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Pressure: Relative Density, Archimedes' Principle, Law of floatation and Atmospheric pressure


Density and Relative Density

Density is the measure of mass per unit of volume. The average density of an object equals it total mass divided by it's total volume. An object made from a comparatively dense material will have less volume that of an object of equal mass made from less dense substance. Perhaps highest density known is reached in neutron star matter. The singularity at the centre of the black hole, according to general relativity, does not have any volume, so it's volume is undefined.

The following table shall present the density of different substances:


Material Density(kg/m3) 
Air (1 ATM 20 degree C)1.20
Benzene900
Blood1600
Concrete2000
Copper8900
Silver10500
Steel7800
Neutron star1018
White dwarf star1010

Now talking about relative density it is the ratio of the density of a material to the relative density of a reference substance. It is usually measured with respect to water. It is commonly used in modern scientific terms to determine whether a certain substance is denser than reference substance or not. Relative density of any materials varies with the change in pressure and temperature of the material. The density of an object can be determined by dividing mass upon volume. The mass of your material is easy to calculate whereas volume can be ascertained in case of irregular materials. Following are various advantages if calculating through the relative density of an substance:

  • It helps in quantifying the buoyancy of fluids
  • It helps in determining density of unknown material
  • It helps in determining mineral content of rocks
  • It helps in identification of gems.

Also, the formulae of relative density is;

Relative density of a substance= Density of the substance/Density of pure water at 4oC

Note: Density of pure water at 4 Celsius= 1000kg/m3

The density of a liquid directly influences the upthrust. As the density of a liquid increases, the pressure given by the liquid increases. Upthrust is also increased in this condition. activity to proof this relation!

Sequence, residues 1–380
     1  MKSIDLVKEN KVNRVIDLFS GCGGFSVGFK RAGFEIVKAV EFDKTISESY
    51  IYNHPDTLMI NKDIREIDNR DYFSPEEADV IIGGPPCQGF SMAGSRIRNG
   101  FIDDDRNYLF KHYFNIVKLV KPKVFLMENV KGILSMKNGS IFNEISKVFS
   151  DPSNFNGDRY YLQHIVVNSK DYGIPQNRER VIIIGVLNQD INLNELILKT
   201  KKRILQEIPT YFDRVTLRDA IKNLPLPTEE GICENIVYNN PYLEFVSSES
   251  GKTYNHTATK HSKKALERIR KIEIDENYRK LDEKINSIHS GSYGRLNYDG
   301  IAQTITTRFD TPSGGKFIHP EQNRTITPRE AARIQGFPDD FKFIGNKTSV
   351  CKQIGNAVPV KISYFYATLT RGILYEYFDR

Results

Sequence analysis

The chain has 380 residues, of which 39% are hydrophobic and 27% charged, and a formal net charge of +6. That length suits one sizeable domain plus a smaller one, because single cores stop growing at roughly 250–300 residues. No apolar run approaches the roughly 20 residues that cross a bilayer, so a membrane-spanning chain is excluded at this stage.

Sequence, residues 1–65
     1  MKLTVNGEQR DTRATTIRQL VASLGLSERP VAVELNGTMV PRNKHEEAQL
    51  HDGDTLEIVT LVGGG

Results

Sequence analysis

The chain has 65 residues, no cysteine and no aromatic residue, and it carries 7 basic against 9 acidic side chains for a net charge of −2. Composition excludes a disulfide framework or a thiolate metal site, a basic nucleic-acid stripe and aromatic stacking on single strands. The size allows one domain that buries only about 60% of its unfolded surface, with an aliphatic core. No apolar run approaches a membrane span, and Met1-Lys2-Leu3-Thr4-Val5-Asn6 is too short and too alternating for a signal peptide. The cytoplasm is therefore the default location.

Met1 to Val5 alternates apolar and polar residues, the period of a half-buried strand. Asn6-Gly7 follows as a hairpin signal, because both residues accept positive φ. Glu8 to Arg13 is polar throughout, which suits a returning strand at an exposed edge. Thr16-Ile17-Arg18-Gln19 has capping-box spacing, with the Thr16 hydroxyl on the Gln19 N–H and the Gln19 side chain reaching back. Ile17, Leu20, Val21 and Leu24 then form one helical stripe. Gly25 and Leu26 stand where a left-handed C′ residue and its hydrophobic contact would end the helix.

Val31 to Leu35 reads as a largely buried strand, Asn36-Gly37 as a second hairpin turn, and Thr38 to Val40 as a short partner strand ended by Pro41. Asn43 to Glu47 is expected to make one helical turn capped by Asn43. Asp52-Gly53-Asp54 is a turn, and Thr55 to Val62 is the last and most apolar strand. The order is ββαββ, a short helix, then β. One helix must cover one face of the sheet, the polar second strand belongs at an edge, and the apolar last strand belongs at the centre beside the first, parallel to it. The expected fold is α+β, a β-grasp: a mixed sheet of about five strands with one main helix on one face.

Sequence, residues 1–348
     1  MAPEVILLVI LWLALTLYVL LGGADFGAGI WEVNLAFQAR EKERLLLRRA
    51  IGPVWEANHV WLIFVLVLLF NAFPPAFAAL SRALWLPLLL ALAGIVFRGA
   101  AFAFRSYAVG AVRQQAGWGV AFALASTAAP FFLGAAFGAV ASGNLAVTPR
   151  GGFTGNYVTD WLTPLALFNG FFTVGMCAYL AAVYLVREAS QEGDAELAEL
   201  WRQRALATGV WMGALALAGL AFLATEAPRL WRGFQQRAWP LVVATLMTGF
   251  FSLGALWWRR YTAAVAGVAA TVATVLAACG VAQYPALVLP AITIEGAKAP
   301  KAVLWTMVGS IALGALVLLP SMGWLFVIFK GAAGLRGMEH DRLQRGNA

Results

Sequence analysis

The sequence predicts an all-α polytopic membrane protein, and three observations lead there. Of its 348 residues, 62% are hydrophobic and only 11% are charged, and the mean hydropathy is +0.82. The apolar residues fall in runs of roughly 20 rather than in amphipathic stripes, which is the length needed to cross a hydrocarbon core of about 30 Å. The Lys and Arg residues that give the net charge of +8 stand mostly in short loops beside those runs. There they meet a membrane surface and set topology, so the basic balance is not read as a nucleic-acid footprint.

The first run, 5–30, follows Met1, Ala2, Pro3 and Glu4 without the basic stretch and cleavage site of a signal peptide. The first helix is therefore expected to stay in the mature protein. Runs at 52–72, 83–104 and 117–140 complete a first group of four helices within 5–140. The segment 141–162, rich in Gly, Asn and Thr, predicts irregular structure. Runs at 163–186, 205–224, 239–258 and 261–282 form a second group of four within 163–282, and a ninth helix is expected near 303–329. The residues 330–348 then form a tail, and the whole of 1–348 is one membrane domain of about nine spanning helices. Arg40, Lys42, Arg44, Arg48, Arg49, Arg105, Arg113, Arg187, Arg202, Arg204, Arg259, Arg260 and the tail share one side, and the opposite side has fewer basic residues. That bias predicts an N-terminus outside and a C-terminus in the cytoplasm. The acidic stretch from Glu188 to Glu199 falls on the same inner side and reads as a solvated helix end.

Archimedes' Principle

Archimedes Principle states that "The upward buoyant force that is exerted on a body immersed in fluid, whether partially or fully submerged, is equal to the weight of the body that the fluid displaces and acts in the upward direction at the centre of the mass of the displaced fluid." 

or, upthrust= weight of displaced fluid

Derivation of Archimedes' Principle

Experimental verification of Archimedes' Principle

Law of floatation

When a body floats in liquid, the weight of the liquid is displaced by its immersed part is equal to the total weight of the body. This is law of floatation.

So to put it simply, 

Weight of floating body= Weight of the liquid displaced by it's immersed part

Now, when a body is allowed to immerse in liquid, the following two forces act on it:

  1. the weight of the body acting vertically downward and,
  2. the upthrust on the body acting vertically upward.

Depending on the magnitude of these forces here are three things to know:

  1. a body sinks in a liquid only if the density of the body is greater than density of the liquid in which the body is kept
  2. a body just floats on a liquid when the density of the body is equal to the density of the liquid in which the body is kept
  3. a body floats keeping some parts of it out when its density is lesser than that of the liquid.

Atmospheric pressure



 

video for atmospheric pressure

Atmospheric pressure, also known as barometric pressure is the pressure within the atmosphere of Earth. The standard atmosphere is a unit of pressure defined as 101,325 Pa which is equivalent to 760 mm Hg. 

Atmospheric pressure is measured by using barometers. Mainly two types are used that being mercury barometer and aneroid barometer.diagram of each barometers.

Some instruments based on atmosphere pressure 

  1. Syringe
  2. Air pump
  3. Water pump

The following link has the explanation of full chapter in like 12 mins:https://www.youtube.com/watch?v=j6KIysJ1LT8